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Duty of Care: No Road Safety Where It’s Needed

2 minute read

You’ve heard of ‘Stop, Drop and Roll’ and you know what to do if someone ‘Slips, Trips and Falls’. Maybe you’re even qualified to perform CPR to the beat of the Bee Gee’s ‘Staying Alive’ on a co-worker… but do you know how to be road safe in the workplace?

On our roads, work-related crashes make up 15% of national road deaths each year.

In fact, 33% of Australia’s reported occupational fatalities are work-related vehicle crashes.

From freight and logistics to couriers and posties, from rideshares and private transport to fast food delivery and mobile maintenance, the ability to opt for service on wheels has never been so endless.

Unfortunately, what brings ease and comfort for some of us, can bring injury and death for others.

It’s no secret that the nationwide lockdown supercharged our reliance on delivery services. In 2020 alone, online retail sales grew by 63%, while fast-food delivery service sales grew by 12%.

For many the option to make money in a financially unstable economy was welcome, but the disruption to delivery chains also meant the onboarding of fresh courier and delivery recruits – correlating with a 12% increase in the number of annual work-related vehicle fatalities occurring when compared to 2018.

Depending on what type of vehicle or good is being transported, between 69-80% of fatalities per sub-industry are caused by vehicle incidents. Those who do not lose their lives in such accidents often end up requiring workers’ compensation, with approximately 14 serious injury claims being made by those in the road transport injury every day.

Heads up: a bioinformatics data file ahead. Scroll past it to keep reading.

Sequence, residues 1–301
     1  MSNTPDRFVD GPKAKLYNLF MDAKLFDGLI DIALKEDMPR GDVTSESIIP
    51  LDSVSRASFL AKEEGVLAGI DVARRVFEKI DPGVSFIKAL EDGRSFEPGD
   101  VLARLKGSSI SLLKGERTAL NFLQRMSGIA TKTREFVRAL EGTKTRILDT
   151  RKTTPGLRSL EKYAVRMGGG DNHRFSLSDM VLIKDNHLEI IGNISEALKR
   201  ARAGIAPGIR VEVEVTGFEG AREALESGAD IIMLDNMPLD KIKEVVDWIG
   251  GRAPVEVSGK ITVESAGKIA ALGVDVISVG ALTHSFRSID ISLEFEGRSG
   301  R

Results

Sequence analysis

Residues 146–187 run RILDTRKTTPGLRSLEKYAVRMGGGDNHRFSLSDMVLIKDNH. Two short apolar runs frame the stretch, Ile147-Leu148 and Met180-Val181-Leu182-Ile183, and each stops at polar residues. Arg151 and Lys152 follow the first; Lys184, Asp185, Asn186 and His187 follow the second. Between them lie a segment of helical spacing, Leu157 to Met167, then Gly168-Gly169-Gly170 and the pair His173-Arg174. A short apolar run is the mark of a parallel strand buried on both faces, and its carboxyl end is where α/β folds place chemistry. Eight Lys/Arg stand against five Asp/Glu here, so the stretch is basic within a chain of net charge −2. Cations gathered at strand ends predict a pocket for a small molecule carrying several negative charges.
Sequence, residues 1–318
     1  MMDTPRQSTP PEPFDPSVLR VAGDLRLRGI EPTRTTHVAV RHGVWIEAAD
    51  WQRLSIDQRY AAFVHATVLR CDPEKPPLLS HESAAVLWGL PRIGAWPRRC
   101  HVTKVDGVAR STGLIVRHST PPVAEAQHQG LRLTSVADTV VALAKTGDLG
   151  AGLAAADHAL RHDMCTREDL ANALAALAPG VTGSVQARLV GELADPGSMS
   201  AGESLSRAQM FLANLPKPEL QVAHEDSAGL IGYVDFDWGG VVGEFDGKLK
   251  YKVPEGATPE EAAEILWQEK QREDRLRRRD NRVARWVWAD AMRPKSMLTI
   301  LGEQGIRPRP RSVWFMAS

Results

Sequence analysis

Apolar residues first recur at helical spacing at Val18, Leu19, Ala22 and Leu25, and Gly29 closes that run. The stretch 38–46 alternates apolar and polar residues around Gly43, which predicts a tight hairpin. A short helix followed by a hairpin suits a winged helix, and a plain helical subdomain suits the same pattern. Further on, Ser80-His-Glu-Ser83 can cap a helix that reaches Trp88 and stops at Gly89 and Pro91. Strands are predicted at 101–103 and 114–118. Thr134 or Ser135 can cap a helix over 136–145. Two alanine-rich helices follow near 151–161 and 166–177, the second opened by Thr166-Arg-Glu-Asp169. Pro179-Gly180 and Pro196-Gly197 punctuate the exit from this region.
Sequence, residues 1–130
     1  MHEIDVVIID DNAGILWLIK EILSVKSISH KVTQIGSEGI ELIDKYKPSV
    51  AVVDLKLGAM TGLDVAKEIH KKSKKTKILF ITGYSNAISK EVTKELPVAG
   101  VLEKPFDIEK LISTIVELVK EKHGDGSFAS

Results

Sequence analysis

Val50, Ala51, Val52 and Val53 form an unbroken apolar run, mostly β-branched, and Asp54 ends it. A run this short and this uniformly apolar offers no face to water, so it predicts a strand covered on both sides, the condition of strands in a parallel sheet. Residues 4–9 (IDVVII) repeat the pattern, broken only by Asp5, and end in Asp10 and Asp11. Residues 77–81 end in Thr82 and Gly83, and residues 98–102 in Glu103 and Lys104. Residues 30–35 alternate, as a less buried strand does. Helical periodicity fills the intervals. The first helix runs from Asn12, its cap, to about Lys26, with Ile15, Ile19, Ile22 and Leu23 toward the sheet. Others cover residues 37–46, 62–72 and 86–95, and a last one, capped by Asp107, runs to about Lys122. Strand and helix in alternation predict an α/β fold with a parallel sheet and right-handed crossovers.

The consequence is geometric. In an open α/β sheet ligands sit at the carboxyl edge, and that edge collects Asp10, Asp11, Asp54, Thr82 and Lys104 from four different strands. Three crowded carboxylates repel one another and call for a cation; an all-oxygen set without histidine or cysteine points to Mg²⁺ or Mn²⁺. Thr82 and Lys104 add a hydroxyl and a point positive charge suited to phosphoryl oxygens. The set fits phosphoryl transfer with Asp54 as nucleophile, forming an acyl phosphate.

These claims aren’t just limited to truck or transport workers either, it includes agriculture and construction vehicle workers, and those travelling to/from work or between worksites.

In 2019, of the 183 work-related fatalities that occurred, road accidents accounted for 43% of these deaths. Despite being the most common cause of work-related fatalities, injuries, and absences, this occupational safety issue remains brushed under the rug.

It’s a problem so widespread that it might seem intimidating to tackle but addressing the issue from the beginning of the employment process could be a step in the right direction.

Under Work, Health and Safety law, businesses and employers are obligated to train their workers and ensure their health and safety.

From providing adequate and up to date driver training, making sure vehicles and their equipment are safe or providing clear guidelines and measures for post-incident responses, there are several processes employers can have in place to promote road safety.

Even the simple act of making sure an employee is fit for work can increase the chances that a worker starts and finishes their shift in one piece.

As complex and variable as road safety in the workplace may seem, it is no longer feasible to ignore the issue. Time, goods, and profit are all lost in a road crash, but the greatest loss is the one borne on the colleagues, family and friends of the workers who never make it back home.

It’s an obligation that comes with the job and while it can be argued that anything that takes place on the roads and behind the wheel is a driver issue (or at the very least a public one), when the roads are the workplace, and the vehicle is the worksite, the lines of duty of care begin to blur.

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